Byline: Jim Ostroff

WASHINGTON — If the Clinton Administration should follow through on its latest threat to impose sanctions on Chinese imports, it could mean 100 percent tariffs — known as “killer duties” — on nearly $1 billion worth of shipments, with silk accessories, such as scarves, and some athletic footwear among the targeted products.
Charlene Barshefsky, the deputy U.S. Trade Representative, last week told a Senate Foreign Relations subcommittee that China has done little to fulfill its February agreement with the U.S. to strictly enforce intellectual property rights. Barshefsky said U.S. firms likely will lose $866 million in sales this year due to illegal copying of such products as computer software, movies and compact discs by Chinese entrepreneurs, compared with about $1 billion in lost sales during 1994. The February pact ended a proposal for sanctions at that time.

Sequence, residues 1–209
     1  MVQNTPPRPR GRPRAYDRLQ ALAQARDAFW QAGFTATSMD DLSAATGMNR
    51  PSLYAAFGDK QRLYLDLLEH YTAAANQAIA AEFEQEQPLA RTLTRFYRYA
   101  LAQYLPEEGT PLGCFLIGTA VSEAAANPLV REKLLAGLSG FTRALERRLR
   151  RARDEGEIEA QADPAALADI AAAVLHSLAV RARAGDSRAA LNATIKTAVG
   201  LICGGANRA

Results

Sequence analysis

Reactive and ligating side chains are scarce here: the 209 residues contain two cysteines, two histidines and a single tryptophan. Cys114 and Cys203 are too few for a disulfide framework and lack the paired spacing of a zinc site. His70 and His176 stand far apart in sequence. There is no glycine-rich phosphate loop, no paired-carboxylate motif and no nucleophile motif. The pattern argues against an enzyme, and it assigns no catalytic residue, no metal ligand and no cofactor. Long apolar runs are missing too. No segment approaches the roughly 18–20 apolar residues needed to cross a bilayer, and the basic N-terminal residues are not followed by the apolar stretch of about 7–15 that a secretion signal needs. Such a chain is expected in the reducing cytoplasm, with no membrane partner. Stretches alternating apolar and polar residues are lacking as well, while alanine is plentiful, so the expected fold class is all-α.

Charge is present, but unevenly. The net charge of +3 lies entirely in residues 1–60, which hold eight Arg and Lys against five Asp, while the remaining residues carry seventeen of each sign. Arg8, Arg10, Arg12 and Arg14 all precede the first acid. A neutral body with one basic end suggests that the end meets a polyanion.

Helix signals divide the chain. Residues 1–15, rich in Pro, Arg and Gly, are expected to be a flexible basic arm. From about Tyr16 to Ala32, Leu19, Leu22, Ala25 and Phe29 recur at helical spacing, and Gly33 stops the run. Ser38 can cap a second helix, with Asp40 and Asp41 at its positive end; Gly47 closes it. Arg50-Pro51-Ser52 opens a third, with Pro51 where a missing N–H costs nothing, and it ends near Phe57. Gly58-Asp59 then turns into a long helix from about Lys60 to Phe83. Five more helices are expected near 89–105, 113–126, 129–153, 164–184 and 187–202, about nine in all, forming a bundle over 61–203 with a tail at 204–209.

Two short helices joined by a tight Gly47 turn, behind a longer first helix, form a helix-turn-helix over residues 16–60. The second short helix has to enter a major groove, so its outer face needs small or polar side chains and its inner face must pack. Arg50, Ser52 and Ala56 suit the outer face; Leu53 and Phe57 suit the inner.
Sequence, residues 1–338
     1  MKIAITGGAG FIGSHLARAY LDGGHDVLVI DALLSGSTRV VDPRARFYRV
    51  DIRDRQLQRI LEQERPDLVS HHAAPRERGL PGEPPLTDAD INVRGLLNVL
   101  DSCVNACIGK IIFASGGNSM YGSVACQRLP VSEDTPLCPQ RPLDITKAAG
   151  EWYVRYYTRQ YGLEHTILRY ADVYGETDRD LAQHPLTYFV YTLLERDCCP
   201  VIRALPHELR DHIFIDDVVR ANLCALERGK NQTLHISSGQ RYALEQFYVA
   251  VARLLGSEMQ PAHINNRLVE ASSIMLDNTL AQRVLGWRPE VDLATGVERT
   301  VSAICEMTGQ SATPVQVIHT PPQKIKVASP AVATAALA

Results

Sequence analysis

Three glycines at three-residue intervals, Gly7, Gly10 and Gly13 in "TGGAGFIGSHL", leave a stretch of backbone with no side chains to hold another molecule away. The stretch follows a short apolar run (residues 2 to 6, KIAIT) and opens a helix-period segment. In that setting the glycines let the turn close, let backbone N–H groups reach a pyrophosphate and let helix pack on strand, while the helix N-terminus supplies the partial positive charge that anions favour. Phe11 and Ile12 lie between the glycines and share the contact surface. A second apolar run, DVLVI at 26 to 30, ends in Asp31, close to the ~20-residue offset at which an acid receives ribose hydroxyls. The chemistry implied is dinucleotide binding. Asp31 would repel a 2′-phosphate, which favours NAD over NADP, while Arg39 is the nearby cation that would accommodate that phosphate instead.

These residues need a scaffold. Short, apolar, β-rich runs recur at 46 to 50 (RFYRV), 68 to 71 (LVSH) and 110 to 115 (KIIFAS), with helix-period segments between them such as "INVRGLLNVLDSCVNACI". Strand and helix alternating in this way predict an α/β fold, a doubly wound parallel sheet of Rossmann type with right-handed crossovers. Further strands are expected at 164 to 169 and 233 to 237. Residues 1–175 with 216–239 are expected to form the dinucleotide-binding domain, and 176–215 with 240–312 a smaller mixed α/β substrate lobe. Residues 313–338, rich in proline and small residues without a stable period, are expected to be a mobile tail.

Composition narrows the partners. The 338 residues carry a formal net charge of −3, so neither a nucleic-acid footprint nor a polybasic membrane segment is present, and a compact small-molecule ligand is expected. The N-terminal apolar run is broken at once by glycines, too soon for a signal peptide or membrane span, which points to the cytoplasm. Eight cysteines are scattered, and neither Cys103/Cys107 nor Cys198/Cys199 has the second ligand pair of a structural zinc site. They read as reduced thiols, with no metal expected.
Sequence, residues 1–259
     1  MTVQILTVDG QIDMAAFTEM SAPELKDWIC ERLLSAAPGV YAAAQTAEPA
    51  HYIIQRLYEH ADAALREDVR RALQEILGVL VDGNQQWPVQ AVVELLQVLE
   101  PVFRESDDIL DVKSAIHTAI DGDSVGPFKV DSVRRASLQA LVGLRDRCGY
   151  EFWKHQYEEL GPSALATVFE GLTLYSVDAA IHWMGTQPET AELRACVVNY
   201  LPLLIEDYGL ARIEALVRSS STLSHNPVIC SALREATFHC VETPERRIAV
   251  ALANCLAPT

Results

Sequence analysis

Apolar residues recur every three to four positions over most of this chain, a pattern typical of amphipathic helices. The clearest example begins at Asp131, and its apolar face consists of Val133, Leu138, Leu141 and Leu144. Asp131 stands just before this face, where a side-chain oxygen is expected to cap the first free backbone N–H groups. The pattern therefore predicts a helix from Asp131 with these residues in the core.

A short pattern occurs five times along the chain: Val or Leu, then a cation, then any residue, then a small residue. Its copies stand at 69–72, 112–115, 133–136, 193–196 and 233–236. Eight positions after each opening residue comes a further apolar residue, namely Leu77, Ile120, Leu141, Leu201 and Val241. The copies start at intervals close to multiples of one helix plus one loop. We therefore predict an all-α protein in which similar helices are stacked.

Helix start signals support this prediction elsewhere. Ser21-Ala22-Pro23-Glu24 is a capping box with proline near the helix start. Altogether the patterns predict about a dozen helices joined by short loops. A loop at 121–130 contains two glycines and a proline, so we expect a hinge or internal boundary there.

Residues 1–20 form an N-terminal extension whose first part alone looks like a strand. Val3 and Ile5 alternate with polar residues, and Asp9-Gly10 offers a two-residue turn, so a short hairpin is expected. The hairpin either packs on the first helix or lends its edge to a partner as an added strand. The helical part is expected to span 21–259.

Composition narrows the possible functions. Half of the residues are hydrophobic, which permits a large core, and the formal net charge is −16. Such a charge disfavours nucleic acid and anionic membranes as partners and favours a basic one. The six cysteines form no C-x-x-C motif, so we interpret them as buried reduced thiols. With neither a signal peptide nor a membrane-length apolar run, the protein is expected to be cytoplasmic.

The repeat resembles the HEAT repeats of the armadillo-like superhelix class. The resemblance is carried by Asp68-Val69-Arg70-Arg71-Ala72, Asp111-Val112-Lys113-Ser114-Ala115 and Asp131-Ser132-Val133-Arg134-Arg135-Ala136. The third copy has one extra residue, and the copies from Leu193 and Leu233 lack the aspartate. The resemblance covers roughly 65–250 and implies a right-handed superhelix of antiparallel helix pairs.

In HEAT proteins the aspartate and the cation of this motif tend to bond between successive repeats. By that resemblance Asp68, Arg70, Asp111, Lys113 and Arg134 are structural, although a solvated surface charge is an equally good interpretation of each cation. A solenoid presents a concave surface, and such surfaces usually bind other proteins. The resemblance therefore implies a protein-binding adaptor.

She told the subcommittee on East Asian and Pacific Affairs the administration hopes to renew talks with Chinese trade officials this month and hinted at retaliatory tactics the U.S. would employ to get further Chinese concessions. Barshefsky said that unless such an agreement came before Feb. 26, the first anniversary of the China-U.S. pact to protect intellectual property, the administration could resurrect the plan to impose the 100 percent duties on the importation of about $1 billion worth of Chinese goods.
Since the U.S. only suspended implementation of these sanctions last February, it quickly could impose them, since public hearings on the plan already have been held. The February list of proposed sanctions covered about $1.08 billion in various types of goods, including $7 million in silk accessories and $50 million in athletic footwear.
Barshefsky also told the subcommittee that the U.S. would continue to oppose China’s admission to the World Trade Organization until the issue of intellectual property rights protections there is settled. — Fairchild News Service

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